Mondo Meyer Upakhyan (2002) was based on a short story by Prafulla Roy entitled Akasher Chand O Ekti Janala (The Moon in the Sky And A Window), Dasgupta has woven into the script, three of his own poems, Anya Graha (Another Planet), Gadha (Donkey) and Beral (Cat.) Thereby, he evolved a new form by basing his screenplay on three poems and a short story from which perhaps, a third new form will emerge. Dasgupta places a sex workers daughter, Loti, at the centre of Mondo Meyer Upakhyan. Perhaps, this is where he draws his title from since mondo, meaning ‘bad’ and meye meaning ‘girl’ , unspools the upakhyan (story) of ‘bad girl’ – a common synonym for a girl with loose morals, or, more aptly, a prostitute. The film marks several ‘firsts’ for Dasgupta. For the first time, he is working around a story that focusses heavily on the woman question. He did it earlier too, with intense impact, in Andhi Gali (1984), his first Hindi film with Deepti Naval in he central role. But in this film, he is dealing with the most marginalized, oppressed, exploited and humiliated section of womanhood – the sex worker. It deals with the lives and dreams of several women, individually and collectively. Dasgupta is known for his constant explorations into different forms of breaking the conventional storyline into fragmented narratives, collages, flashbacks and flash forwards, elements of surrealism and postmodernism in his films. Lal Darja explored elements of postmodernism and surrealism, while Uttara tapped the potential of the film medium to present multiple narratives within the same film.
Swapner Din (2005) starring Prasenjeet, Rimi Sen and Rajesh Sharma is based on Dasgupta’s own story written out completely as a script. “It is based on my favourite theme – never mind how ordinary we might be in life, we never stop dreaming. We are in fact, born out of dreams and dreams are born out of us. All I can say at this moment is that the film weaves itself around the dreams of three different persons and their journeys in search of their dreams which intersect at a point.”
“Kaalpurush (2005) is drawn from two published novels of mine – America America and Rahasyamoy. Since I work with a loosely structured narrative and do not believe in a linear narrative, I have no problem dealing with several strands and bringing them together. This film is about the relationship between a father and his son and how the relationship undergoes mutations over time and space, influencing in turn, their relationship with others. The father and the son are both failures in life, if one is to take ‘failure’ in the common-sense meaning of the term in an era of globalization and material success. They choose their way of living and have no problems with doing so. But is the world they live in prepared to accept this ‘choice’? These are questions I hope, the film has raised.”, said Dasgupta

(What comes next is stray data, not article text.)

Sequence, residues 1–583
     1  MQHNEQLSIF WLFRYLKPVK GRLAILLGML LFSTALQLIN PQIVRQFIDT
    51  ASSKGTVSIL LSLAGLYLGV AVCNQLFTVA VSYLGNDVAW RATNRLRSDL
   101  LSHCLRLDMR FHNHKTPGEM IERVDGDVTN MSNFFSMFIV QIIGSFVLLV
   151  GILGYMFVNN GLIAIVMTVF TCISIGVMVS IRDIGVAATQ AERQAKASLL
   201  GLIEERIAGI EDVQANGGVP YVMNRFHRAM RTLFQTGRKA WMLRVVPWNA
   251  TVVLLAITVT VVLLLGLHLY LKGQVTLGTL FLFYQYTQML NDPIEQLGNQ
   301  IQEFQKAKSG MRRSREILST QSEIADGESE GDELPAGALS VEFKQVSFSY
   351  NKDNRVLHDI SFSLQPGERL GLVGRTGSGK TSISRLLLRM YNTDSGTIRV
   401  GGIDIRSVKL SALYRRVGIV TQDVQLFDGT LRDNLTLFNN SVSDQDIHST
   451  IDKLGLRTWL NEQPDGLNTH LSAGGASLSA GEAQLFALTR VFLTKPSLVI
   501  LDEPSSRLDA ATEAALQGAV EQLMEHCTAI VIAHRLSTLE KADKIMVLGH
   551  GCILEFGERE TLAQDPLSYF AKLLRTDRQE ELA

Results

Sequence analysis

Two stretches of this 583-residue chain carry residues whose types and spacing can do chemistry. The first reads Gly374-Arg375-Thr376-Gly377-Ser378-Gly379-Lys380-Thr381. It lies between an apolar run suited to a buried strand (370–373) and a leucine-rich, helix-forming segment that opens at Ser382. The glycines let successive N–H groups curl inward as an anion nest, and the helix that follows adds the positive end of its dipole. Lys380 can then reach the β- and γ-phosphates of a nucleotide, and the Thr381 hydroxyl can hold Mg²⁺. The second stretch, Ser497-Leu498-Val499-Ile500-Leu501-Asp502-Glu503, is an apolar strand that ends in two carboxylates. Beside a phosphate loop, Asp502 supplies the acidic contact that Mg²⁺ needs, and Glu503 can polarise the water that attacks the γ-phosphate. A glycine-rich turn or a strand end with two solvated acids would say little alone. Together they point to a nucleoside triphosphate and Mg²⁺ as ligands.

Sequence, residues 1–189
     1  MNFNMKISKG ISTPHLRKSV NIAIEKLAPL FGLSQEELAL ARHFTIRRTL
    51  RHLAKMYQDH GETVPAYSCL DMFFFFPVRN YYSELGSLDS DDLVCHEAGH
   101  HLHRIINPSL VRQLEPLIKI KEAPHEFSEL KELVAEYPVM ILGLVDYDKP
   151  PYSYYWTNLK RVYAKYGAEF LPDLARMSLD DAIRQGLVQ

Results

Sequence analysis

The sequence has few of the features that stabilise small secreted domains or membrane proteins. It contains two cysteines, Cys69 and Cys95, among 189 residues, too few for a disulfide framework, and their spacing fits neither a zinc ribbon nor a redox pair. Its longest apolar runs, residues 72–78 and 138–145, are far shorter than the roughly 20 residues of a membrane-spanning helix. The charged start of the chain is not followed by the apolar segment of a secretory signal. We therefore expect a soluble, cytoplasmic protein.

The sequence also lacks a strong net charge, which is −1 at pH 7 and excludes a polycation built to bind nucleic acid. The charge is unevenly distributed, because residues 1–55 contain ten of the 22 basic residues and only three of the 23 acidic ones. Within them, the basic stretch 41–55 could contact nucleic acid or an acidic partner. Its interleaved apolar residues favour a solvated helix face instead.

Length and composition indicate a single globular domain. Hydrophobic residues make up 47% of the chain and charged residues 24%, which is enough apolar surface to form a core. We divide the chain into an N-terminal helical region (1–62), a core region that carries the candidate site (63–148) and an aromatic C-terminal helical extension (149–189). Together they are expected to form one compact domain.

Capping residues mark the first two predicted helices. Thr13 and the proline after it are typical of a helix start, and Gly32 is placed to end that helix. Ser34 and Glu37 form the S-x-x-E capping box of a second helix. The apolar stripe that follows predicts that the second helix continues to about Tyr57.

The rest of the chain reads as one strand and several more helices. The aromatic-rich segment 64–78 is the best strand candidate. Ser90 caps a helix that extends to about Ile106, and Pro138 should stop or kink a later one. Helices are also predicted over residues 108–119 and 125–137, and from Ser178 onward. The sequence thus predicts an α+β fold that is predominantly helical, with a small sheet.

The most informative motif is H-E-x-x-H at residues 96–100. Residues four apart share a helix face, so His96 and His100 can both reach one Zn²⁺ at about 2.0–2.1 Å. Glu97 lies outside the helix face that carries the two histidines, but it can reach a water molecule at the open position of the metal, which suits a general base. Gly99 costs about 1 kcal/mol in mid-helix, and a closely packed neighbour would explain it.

For Ami, Yasin Arr Amar Madhubala or The Voyeurs (2007), Dasgupta wrote the script directly as a screenplay from his story. “Our world is obsessed with security and ordinary human values like love and kindness have been mechanized. The masters of advanced technology reinterpret them as ‘dangerous.’ But do web cams and CCTVs that are constantly intruding into our private space make us any less vulnerable to terrorists than we are to ourselves? Are the police and security forces really protecting us? These are some of the core issues I have tried to raise in the film.” The ‘ami’ of Ami, Yasin Arr Amar Madhubala is Dilip, deeply involved with his computer and his camera, a young man who has come to Kolkata in search of a vocation. The story unfolds from Dilip’s point of view. Yasin, another young man from the suburbs, joins him as a roommate. Rekha is a young woman who comes to live next door. But Dilip is so used to communicating with his computer, that he has lost the ability to communicate with Rekha, who he falls in love with. He keeps watching her like a peeping tom, photographs her secretly, for the sole reason that he cannot express his love for her. Earlier, as a child, he would communicate with his screen idol Madhubala, whose ethereal beauty would fascinate him. In essence, he hardly ever communicated his feelings to any real woman. When he falls in love with one, and finds an alternative way of satisfying his desires, all hell breaks loose. The girl misunderstands his intentions; the police are hot on the chase of these two young men, with Yasin’s communal identity easily converting them into suspected terrorists.